Wednesday, November 4, 2009

"Did you hear the one about the Priest, the Nun and 3 Senior Citizens that broke into a Navy nuclear missile storage site in Washington?"

No joke. Honestly, you cannot make this stuff up.

According to Tuesday's Kitsap (Washington State) Sun, "five protesters associated with an international peace movement were arrested Monday after cutting through three security fences to reach an area where nuclear missiles are stored at Naval Base Kitsap-Bangor."

Among the intruders (pictured to the right): an 81-year-old Catholic priest, an 83-year-old nun and three 60-somethings.

So how did such strong-armed invaders get through three sets of fencing (7-foot fencing: the preferred security measure that NWS Earle will use to deter civilian renters and their visitors from breaking into the secure parts of the base) meant to keep people away from the nukes? BOLT CUTTERS and INGENUITY.

The timeline in the Kitsap Sun story would suggest these folks were prowling the base for about 4 1/2 hours, from the time they broke in (2 a.m., under moonlight: "we were hidden in plain sight the whole time," said one of the seniors) until the time they tripped an alarm (6:30 a.m.) trying to cut another chain-link fence apparently very close to the where nukes are stored. (Frankly, they're lucky they're not dead, since base personnel are authorized to use deadly force under such circumstances of invasion).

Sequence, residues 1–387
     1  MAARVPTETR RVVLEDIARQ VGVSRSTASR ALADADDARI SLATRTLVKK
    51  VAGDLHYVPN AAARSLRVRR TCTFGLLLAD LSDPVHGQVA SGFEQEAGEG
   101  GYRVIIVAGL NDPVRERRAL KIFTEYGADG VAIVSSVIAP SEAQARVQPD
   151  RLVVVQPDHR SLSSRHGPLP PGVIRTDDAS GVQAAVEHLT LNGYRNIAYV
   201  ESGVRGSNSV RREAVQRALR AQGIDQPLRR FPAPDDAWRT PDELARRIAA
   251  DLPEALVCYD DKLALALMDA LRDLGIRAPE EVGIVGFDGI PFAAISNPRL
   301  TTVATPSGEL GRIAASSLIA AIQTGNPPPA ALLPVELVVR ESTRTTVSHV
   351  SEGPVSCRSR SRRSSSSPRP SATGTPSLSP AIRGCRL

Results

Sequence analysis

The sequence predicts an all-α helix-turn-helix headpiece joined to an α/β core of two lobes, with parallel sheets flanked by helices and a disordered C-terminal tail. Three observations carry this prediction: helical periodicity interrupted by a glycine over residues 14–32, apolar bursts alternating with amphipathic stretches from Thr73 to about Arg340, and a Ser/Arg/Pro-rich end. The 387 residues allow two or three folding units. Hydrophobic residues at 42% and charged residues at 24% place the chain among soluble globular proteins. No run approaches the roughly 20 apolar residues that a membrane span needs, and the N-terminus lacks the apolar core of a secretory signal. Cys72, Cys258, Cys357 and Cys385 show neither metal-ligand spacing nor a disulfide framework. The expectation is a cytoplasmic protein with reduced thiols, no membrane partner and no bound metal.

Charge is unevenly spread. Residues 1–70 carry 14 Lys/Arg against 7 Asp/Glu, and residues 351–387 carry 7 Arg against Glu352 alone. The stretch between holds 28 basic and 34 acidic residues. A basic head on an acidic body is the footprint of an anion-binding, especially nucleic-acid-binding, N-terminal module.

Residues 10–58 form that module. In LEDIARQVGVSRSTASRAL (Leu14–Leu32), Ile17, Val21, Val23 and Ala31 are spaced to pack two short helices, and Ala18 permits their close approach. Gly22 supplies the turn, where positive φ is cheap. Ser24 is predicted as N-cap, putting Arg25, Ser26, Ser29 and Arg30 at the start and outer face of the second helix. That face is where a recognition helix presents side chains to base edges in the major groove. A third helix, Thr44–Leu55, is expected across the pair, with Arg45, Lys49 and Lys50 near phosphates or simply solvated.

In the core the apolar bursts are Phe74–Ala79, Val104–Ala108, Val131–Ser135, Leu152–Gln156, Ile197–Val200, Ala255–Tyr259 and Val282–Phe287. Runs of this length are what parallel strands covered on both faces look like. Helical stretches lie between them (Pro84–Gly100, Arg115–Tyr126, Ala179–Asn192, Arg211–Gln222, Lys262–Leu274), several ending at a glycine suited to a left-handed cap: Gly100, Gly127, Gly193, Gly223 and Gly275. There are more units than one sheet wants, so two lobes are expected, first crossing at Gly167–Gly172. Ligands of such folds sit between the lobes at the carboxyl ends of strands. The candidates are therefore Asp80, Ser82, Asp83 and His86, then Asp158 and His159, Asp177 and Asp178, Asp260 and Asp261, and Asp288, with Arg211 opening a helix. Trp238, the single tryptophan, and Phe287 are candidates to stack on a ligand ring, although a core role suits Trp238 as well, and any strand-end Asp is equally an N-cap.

Between this comical and at the same time frightening indicent, and the unrelated death (by ordnance explosion) of a civilian intruder into a blast zone last week at Fort Bragg, NC, it is pretty clear that U.S.-based military installations are far from impenetrable, contrary to what the Department of Navy suggests in the environmental impact statement (EIS) on the Laurelwood civilian housing plan at Earle.

Just ask yourself (...and your elected officials): if five geriatrics with bolt cutters can easily break into a nuclear weapons storage site on foot under darkness without being caught by Navy base personnel, how does the Department of Navy's plan to welcome 300 new families of civilian renters at NWS Earle enhance security at one of our largest and most important military ordnance storage facilities?

Civilian renters should never be allowed to step foot on NWS Earle, period, lest the U.S. Navy wants to deal with public relations embarassment like this (and, perhaps even worse, potential fatalities)!

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